Saturday, November 8, 2008

The Variant strikes back

Anders Hejlsberg, lead-architect of C# announced at the PDC 2008 that C# 4.0 will be enhanced towards a dynamic language. With the keyword "dynamic" you can declare a variable as a datatype that will be bound at runtime rather than compile time.
The background is, that it will make the use of COM components much more convient. Today you link your code against the exact version. If the version of your component is not installed on the remote computer your code will fail, even if the interface the installed component has not changed.
Reflection is in its usage for emergencies only and not suited for complex interfaces. Your code will become a huge mess if you try to handle complex objects.

So this is a HUGE break with current C# dogmas..

But wait a minute! Don't all of you, who know what's behind the letters "VB" feel strangely remembered? Something we thought we had burried a long time ago?

The VARIANT strikes back!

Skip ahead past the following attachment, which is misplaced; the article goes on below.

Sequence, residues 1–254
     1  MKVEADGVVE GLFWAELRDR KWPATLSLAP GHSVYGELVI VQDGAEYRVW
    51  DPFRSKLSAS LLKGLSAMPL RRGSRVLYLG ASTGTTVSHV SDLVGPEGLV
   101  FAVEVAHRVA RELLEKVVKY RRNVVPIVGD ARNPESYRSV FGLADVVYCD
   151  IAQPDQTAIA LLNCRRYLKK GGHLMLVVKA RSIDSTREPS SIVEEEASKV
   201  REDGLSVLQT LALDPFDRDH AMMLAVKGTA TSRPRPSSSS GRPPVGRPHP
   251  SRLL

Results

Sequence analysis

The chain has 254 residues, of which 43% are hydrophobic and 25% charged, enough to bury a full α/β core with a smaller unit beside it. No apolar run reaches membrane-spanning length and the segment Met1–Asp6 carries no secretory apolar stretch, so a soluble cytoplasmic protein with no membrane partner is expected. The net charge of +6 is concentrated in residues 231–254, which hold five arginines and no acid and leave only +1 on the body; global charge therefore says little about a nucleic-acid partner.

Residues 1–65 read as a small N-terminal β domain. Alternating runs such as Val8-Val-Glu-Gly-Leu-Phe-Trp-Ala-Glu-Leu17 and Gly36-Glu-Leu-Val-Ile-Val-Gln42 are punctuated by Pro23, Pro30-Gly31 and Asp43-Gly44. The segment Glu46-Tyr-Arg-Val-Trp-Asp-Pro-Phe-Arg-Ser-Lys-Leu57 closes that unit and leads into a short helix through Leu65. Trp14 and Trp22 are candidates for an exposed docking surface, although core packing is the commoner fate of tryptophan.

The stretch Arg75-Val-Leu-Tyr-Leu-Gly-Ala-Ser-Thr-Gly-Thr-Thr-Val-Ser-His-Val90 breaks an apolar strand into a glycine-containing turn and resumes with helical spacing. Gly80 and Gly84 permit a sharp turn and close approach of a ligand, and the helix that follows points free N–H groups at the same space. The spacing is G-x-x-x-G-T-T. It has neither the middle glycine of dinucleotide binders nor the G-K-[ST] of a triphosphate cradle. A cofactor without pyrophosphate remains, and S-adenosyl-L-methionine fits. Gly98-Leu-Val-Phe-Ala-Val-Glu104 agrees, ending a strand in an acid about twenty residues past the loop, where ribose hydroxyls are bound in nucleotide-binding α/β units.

And to be honest, coming down the C, C++ path I feared and hated it, whenever sub-average VB programmer colleagues started using it in their code. The Variant or Dynamic liberates developers from spending a minimal time on thinking before start coding. They simply declare some global "Variants" and use them to store whatever comes along. Absolutely impossible to tell whats the content of the variable when you read the code. The absolut horror of everyone who has to maintain or debug this kind of code.

I clearly see the advantages of runtime binding, but I see the immense risks the same time.

Maybe you should pass some sort of qualification exam to get this type enabled.

"Anders Hejlsberg, Chef-Architekt der .Net-Programmiersprache C#, hat im Rahmen der Microsoft Professional Developer Conference (PDC) in Los Angeles neue Sprachfunktionen für C# 4.0 und die darauf folgende Version erstmals vorgestellt.
Die Hauptneuerung in C# 4.0 ist die Erweiterung in Richtung dynamischer Sprachen. Mit dem Schlüsselwort dynamic können C#-Entwickler in Zukunft eine Variable so deklarieren, dass die Bindung erst zur Laufzeit stattfindet." (Heise.de)

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